MARK GRESHAM | 15 JUN 2021
One of the great advantages of concert video, whether or not an audience is present, is the ability to edit and remix the recordings to produce new programs, with or without new elements added.
Despite several decades of music videos being common in the pop music industry for promotion of artists and albums, video of classical music concerts were still being treated as a luxury up until the middle of March, 2020 when the pandemic made them as essential as wearing masks in public.
Different presenters and ensembles have approached making videos in different ways, from raw live streaming of a concert to fully produced, pre-recorded and edited episodes of a series to be premiered on a specified programming date.
Kennesaw State university is one of those entities which streams live faculty concerts “as is” as they happen, but doesn’t make them available on demand later. They do, however, archive the videos for the performers.
This brings us to the 2021 Zenith Chamber Music Festival, based at Drake University in Des Moines, Iowa. Although a number of summer festivals have opened back up to presenting live concerts, Zenith, which had canceled its 2020 Festival completely, decided to go with a virtual format this year, with guest performers providing video of their performances for use in Zenith’s online productions.
Atlanta violinist Helen Hwaya Kim has participated in Zenith as a guest artist since it was founded in 2015. For this year’s virtual Zenith, she assembled videos from performances with pianist Robert Henry and cellist Charae Krueger, plus a new solo video.
Kin’s featured Zenith program, streamed on June 9, demonstrated the power and flexibility of mixing and matching existing videos into a tight, attractive and convincing program. It kicked off with Three Romances for Violin and Piano, Op. 22 by Clara Schumann and then the unaccompanied Passacaglia in G minor by Heinrich Biber, both excerpted from a March 2020 performance with Henry, but in reverse order from the KSU concert.
These were followed by Kim’s January 2021 performance with Krueger of the first movement from Zoltán Kodály’s Duo for Violin and Cello, Op. 7 (“Allegro serioso, non troppo”). They had performed the entire Op. 7 in that source concert. Then three more from March 2020 with Henry: Deux Morceaux for Violin and Piano by Lili Boulanger, Fratres by Arvo Pärt, and closing with Jascha Heifetz’ famous arrangement of “It Ain’t Necessarily So” from George Gershwin’s Porgy and Bess.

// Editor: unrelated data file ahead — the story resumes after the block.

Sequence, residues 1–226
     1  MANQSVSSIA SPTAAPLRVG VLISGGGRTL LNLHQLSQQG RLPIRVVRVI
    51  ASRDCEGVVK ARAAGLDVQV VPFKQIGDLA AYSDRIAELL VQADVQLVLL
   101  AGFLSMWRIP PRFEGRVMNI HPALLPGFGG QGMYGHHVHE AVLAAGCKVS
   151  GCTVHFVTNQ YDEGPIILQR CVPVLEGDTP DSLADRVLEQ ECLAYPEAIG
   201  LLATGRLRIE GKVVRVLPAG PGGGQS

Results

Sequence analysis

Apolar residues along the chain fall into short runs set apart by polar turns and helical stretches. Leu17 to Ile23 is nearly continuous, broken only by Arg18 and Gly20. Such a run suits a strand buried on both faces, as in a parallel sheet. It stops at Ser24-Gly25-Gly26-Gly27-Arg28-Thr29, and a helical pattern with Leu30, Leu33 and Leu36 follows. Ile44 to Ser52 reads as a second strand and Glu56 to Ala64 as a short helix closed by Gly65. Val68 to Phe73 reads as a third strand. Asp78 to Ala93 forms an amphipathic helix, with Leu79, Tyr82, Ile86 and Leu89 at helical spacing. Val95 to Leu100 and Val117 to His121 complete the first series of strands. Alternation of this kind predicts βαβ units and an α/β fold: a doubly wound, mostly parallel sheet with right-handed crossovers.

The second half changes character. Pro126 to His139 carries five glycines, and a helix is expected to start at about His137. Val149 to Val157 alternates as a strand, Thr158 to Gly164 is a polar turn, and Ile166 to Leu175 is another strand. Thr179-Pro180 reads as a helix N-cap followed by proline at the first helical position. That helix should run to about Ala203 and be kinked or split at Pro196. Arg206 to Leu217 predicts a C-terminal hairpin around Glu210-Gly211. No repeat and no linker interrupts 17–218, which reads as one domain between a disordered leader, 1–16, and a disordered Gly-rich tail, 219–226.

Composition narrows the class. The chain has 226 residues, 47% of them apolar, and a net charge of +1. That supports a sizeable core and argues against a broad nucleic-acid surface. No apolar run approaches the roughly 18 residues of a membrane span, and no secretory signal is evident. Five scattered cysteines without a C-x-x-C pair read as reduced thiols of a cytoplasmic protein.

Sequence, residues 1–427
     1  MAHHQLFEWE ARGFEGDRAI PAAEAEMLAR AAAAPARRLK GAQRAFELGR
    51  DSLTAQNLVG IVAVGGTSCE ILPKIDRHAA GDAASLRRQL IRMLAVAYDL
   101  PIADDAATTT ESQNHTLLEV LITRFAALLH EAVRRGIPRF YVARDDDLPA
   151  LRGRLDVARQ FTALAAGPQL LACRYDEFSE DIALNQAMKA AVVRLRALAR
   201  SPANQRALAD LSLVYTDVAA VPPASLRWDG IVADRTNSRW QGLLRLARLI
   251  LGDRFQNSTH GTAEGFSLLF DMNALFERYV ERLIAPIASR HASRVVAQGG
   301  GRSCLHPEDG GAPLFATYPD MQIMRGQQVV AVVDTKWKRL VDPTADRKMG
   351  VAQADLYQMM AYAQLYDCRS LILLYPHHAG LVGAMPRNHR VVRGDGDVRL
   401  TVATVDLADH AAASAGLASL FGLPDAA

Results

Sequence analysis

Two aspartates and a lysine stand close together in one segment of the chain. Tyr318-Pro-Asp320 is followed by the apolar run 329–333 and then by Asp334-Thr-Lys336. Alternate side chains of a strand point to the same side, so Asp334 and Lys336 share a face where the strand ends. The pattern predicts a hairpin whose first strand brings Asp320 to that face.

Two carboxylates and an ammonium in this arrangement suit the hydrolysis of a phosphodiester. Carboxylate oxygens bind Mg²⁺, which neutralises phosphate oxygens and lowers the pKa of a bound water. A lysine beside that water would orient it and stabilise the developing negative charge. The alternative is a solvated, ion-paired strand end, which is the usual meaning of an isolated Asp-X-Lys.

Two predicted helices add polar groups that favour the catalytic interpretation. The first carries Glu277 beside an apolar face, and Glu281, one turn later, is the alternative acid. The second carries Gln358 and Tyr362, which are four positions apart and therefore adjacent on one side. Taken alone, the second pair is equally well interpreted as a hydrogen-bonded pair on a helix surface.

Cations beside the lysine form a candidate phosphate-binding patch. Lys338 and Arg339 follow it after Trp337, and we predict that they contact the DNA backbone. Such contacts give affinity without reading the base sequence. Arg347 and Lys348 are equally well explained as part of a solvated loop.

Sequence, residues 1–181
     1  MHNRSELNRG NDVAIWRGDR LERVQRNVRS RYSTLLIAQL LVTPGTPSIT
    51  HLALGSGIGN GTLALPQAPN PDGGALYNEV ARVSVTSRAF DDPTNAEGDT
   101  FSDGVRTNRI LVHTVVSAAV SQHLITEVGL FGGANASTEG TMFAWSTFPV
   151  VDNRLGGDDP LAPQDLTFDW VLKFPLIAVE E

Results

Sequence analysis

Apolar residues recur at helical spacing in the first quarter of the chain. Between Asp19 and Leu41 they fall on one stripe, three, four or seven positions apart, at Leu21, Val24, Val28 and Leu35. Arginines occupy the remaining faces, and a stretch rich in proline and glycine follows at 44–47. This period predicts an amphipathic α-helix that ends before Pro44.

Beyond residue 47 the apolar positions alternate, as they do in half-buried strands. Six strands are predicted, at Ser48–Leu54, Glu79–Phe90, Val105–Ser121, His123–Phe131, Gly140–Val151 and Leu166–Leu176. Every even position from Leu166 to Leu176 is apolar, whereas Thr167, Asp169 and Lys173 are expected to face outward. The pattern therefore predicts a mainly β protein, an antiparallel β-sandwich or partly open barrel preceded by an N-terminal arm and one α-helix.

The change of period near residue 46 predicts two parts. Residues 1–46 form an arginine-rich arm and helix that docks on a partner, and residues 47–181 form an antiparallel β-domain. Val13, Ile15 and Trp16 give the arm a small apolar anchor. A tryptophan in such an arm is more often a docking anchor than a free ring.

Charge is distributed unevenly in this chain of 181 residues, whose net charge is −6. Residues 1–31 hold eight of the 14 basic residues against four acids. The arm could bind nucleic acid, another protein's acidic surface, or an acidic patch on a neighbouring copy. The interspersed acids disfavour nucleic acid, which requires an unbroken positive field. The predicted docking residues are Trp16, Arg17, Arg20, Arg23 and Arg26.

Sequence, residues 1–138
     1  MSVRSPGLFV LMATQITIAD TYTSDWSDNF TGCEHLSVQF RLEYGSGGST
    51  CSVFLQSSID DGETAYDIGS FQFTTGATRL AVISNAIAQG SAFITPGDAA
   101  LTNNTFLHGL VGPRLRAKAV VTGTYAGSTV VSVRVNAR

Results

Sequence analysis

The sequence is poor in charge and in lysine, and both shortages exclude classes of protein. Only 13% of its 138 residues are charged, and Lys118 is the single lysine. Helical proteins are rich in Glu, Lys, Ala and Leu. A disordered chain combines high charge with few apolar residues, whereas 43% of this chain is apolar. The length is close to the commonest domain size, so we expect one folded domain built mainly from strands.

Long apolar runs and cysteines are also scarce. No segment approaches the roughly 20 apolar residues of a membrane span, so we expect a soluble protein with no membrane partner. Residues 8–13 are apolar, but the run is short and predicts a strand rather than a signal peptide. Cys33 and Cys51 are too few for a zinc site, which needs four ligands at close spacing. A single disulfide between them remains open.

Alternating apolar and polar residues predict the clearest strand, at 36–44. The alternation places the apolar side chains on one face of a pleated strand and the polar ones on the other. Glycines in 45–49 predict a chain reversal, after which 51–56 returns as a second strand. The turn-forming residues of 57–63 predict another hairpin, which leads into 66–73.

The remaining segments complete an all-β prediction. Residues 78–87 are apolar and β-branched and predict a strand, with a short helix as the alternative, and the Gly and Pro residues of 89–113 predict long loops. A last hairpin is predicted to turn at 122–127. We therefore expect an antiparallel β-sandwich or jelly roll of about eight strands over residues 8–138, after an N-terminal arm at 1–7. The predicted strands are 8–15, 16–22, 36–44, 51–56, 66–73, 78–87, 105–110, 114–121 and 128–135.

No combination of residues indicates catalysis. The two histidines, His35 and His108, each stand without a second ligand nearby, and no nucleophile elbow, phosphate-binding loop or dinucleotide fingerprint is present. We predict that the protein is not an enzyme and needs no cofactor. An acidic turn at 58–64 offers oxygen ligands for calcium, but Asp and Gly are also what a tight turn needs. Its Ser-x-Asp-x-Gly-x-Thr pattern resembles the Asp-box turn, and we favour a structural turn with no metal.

Although the original KSU concerts were streamed “as is,” the Zenith Festival’s presentation gave opportunity to provide a different framework for these video performances while leaving the videos of each performance untouched – something unavailable with live, real-time streaming. The ability to excerpt and re-order performances from multiple concerts, as well as add both a Zenith program introduction and a live Zoom conversation, allowed for a fresh perspective for those who had already seen the original KSU performance streams, and an attractive presentation package for those who had not, as well as the performers themselves.
But there’s more: Kim recorded a new unaccompanied performance of Tango Etude No. 3 by Astor Piazzolla. Originally written for solo flute, Kim transcribed the short piece for solo violin. The video found its way onto Zenith’s collective finale, streamed on June 12.
As violinist, Kim’s playing exhibits a great tensile strength, start to finish. There is nothing weak or timid about it. Her quieter passages are loaded with as much inner energy as forceful, extroverted ones, holding well the attention of the listener. Nor is detail lost in the process. She captures essential elements of style across a broad spectrum of repertoire in a compelling way.
Viewing her video performances as repackaged for Zenith was a delight. Although obliged to be virtual this year, the Festival’s streamed programs proved a good platform for her playing, perhaps giving more people a better chance to get to know this admirable Atlanta-based violinist and her colleagues. ■